Storms delay start of Masters as Scheffler, McIlroy chase history

Scottie Scheffler in action. File photo

Bad weather delayed the start of the 88th Masters at Augusta National on Thursday with world number one Scottie Scheffler and second-ranked Rory McIlroy scheduled to tee off in a dream first-round pairing.

Rain and scattered thunderstorms had been forecast to move into the region at around 6:00am (1000 GMT) and were expected to last until about lunch time, potentially causing havoc to the first round schedule.

Honorary starters Gary Player, Jack Nicklaus and Tom Watson had been due to get proceedings under way at 7:40am, with the first group teeing off 20 minutes later.

However, about three hours before the planned start, Masters organizers said on X: “Gate openings and tee times have been delayed until further notice. The first round will not begin before 9:00 am.”

Bad weather forced down trees at Augusta National, in Georgia, in 2023.

Scheffler, seeking his second title in three seasons, was in a group with four-time major winner McIlroy, who would complete a career Grand Slam with a Masters triumph, and Tokyo Olympic champion Xander Schauffele, chasing his first major victory.

By taking the green jacket, McIlroy would join a select group including Woods, Nicklaus, Player, Gene Sarazen and Ben Hogan. McIlroy has not won a major in 10 years but has learned he needs patience at Augusta National.

“This golf course gets you to chase things a little more than other golf courses,” he said. “It always tempts you to do something you think you can do and I’m pretty confident in my golf game. I think I can do most things.

“Sometimes you just have to take the conservative route and be a little more disciplined and patient.”

Scheffler, who won twice and finished second last month in PGA Tour events, could join Woods as the only players to win the Masters twice while atop the rankings.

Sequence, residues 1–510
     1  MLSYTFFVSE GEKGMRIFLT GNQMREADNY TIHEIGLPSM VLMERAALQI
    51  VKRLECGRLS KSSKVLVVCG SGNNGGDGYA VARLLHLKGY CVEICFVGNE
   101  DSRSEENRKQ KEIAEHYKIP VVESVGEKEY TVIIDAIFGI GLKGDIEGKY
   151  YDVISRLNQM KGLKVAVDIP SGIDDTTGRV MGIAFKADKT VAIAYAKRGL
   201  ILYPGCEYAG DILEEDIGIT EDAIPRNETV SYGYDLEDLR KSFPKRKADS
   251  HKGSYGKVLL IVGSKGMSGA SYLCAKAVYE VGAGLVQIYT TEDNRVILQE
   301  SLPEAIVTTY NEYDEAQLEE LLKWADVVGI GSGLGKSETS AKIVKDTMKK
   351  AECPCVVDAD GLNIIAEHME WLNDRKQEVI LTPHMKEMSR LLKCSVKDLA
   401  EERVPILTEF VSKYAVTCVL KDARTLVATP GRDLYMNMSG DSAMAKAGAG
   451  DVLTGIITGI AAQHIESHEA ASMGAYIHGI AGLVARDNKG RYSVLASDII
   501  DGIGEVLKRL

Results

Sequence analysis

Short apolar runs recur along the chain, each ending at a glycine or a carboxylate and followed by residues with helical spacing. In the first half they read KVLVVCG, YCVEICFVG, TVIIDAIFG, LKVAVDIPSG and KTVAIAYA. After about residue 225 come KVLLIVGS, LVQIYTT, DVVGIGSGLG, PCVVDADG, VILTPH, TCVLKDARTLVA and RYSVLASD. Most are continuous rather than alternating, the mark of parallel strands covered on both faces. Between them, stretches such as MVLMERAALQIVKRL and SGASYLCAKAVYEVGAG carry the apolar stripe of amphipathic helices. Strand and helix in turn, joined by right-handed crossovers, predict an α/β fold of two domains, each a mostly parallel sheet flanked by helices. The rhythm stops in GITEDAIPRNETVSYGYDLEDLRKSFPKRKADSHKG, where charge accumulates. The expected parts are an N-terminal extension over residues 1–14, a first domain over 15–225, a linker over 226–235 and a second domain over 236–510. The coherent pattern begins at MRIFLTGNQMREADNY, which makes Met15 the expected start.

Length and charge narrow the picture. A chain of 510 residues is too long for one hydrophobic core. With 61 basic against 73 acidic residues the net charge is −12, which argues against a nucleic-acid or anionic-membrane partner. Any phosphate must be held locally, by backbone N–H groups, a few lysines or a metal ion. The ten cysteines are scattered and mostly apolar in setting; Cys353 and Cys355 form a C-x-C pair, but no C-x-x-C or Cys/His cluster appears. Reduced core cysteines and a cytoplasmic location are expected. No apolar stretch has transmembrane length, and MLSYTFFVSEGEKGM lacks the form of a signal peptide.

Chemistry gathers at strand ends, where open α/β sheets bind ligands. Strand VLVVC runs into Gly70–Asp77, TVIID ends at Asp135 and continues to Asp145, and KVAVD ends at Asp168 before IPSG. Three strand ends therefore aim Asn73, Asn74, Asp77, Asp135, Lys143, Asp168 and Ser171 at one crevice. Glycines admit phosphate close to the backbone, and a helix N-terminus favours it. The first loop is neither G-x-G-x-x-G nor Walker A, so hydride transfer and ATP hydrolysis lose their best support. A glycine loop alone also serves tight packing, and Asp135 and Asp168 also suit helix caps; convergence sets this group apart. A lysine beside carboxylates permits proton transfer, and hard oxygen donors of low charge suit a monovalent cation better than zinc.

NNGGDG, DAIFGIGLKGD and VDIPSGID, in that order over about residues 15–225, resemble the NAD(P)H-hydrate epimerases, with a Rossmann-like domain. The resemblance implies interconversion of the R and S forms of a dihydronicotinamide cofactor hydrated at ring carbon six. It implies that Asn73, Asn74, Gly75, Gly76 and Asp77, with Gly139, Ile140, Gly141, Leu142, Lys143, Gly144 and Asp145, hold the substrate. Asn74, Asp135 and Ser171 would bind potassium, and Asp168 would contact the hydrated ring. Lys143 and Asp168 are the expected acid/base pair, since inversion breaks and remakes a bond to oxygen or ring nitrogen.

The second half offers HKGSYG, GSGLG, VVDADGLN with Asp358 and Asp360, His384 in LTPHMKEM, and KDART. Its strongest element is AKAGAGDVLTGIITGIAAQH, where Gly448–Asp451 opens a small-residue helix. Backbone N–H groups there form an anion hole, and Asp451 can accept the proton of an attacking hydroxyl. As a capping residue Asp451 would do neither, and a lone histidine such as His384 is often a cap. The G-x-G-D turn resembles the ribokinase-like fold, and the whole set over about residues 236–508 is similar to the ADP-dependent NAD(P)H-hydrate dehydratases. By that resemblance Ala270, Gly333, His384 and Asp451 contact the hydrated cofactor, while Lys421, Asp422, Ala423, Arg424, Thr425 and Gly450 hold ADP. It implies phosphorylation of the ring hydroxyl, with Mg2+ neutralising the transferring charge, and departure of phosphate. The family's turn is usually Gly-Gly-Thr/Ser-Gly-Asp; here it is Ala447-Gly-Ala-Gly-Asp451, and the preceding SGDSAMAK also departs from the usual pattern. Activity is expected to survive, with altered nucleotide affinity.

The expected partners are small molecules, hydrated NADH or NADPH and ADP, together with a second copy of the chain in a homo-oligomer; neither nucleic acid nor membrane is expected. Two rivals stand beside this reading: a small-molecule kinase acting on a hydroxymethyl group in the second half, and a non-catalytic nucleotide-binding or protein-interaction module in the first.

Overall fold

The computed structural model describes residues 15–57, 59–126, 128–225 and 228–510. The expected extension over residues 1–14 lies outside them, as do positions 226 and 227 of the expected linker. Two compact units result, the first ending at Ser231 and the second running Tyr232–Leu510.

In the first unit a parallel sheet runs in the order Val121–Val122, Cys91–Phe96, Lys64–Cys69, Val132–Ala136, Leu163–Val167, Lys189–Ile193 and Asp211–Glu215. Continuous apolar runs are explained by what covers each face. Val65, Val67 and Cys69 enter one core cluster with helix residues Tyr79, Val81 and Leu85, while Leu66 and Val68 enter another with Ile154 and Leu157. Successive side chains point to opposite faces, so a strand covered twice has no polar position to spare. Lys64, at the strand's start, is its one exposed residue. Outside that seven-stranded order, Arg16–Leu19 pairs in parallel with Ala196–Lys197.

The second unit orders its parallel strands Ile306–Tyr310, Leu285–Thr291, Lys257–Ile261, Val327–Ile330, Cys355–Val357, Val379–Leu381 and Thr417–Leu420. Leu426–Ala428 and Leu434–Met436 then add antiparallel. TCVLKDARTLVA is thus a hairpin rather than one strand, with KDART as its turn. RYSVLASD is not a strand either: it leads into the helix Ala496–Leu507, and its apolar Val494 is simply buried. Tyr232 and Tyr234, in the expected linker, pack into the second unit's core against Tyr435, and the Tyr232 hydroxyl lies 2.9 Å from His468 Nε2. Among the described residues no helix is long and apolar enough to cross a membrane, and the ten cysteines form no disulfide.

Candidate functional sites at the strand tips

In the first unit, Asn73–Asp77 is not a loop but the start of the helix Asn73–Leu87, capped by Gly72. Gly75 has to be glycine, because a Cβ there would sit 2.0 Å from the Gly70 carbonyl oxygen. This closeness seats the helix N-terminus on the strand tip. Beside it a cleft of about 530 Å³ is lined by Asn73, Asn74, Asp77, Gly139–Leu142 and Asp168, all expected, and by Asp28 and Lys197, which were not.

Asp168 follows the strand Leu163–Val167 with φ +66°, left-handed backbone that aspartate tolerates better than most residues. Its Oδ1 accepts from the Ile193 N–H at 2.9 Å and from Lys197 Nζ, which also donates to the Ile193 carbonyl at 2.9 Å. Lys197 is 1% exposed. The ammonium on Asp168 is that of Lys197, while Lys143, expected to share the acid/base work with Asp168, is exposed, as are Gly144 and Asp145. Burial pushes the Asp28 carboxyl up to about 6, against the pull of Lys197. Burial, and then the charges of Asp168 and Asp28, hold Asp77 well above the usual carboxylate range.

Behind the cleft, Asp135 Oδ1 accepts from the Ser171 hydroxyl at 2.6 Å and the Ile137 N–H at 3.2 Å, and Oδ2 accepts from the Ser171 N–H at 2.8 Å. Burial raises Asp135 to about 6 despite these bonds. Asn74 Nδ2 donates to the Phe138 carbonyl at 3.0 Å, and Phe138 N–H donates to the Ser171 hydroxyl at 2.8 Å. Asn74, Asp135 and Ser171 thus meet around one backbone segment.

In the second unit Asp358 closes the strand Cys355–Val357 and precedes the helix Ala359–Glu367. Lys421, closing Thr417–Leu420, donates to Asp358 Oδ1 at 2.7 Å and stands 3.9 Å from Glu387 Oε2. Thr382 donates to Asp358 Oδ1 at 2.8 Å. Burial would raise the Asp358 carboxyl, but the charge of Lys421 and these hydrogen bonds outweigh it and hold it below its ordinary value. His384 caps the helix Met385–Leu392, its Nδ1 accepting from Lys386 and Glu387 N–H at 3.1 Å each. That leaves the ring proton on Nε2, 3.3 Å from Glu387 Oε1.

“The winds are going to be pretty high and it swirls like crazy around this place,” he said, before news of the delay. “You have to stay so patient and trust in all aspects of your game.”

Schauffele hopes to lose his tag as one of the best current players without a major title.

“It’s definitely what motivates me as a golfer and as a competitor just to keep pushing,” Schauffele said of a major victory.

The feature trio had been scheduled to tee off at 10:42 a.m, 12 minutes after Spain’s defending champion Jon Rahm, England’s Matt Fitzpatrick and 20-year-old American Nick Dunlap.

Rahm could become only the fourth player to capture back-to-back Masters triumphs after Woods, Nicklaus and Nick Faldo.

“I do feel fresh and ready for it,” Rahm said.

Reigning US Open champion Wyndham Clark, Norway’s Viktor Hovland and Australian Cameron Smith, the 2022 British Open winner, are together behind Scheffler and McIlroy.

Is Tiger a cut above?

Woods, returning to major golf after right ankle surgery last April but still struggling to walk 72 holes, will try to make the Masters cut for a record 24th consecutive time to break to mark he shares with Player and Fred Couples.

But the five-time Masters winner talks about another record — the six career Masters victories by Nicklaus.

“If everything comes together, I think I can get one more,” Woods said.

Woods was supposed to tee off at 1:24 p.m. alongside fellow American Max Homa and Australian Jason Day.

A group behind them are 2023 British Open winner Brian Harman, 2023 PGA Championship winner Brooks Koepka and South Korean Tom Kim.

Five-time major winner Koepka and Rahm are among 13 players from Saudi-backed LIV Golf in the Masters field, with six-time major winner Phil Mickelson and Koepka sharing second last year behind Rahm, who jumped from the PGA Tour to LIV in December.

Eyes will be on the LIV players’ results as merger talks continue between the PGA Tour and LIV’s backers, the Saudi Arabian Public Investment Fund.

There are 20 first-time Masters starters hoping to become the first rookie winner since Fuzzy Zoeller in 1979.

This year’s newcomers include Ryder Cup star Ludvig Aberg of Sweden and Clark.

“Stats like that are meant to be broken,” Clark said. “That would be an amazing accomplishment. And I like my chances.”

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